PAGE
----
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Readers choose books for all sorts of reasons and I am no exception. I chose this book specifically for its title because Paris is one of my favorite cities in the world. I may have mentioned this in other reviews, but I cried the very first time I saw that city and if the Eiffel Tower had been a person, well it most likely asked me to stop taking pictures of it. The fact that it was also surrounding the WWII era was a plus. 

Juggling characters can be difficult, in the case of The Parisians, we have three very interesting characters( a chambermaid, a French actress, and Coco Chanel) and one intriguing setting- the Ritz hotel. Since this was the main place of entertainment and rest for the main players in the Nazi regime, our plot is driven by plenty of wartime intrigue. While young Swedish-American Olivia is driven to spy on Herman Goering after her lover dies at the hands of the Gestapo, French actress Arletty balances a fine line between the France she knew and what it has become, and Marius Gabriel leaves little doubt about designer Coco Chanel's collaboration with the Nazis.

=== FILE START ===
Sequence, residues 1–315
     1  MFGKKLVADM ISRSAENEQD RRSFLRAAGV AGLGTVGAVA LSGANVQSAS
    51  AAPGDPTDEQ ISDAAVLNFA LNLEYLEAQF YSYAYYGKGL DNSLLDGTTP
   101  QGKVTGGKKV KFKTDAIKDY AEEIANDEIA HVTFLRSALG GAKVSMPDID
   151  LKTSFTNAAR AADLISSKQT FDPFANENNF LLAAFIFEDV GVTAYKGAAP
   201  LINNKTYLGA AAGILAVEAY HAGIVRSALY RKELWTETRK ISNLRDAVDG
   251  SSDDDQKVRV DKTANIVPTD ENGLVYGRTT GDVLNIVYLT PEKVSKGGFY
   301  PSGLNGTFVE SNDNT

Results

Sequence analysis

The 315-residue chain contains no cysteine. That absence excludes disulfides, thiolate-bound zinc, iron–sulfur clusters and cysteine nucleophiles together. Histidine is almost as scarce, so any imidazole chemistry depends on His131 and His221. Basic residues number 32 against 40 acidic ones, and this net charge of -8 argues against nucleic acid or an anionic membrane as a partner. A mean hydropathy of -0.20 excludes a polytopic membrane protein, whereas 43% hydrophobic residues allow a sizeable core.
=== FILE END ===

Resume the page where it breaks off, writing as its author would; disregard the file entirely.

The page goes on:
I enjoyed this story, reading it in one sitting, and despite one foolish sex scene in which both genders sexual organs were described as particular flowers, I felt this was a good addition to the WWII era library.
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Amazing and emotional read. I'm disappointed to say that I had not read anything by this author before. I loved the mix of real and fictional characters, some of which I had never heard about before this. I would like to thank the publishers and netgalley for letting me have the book to review.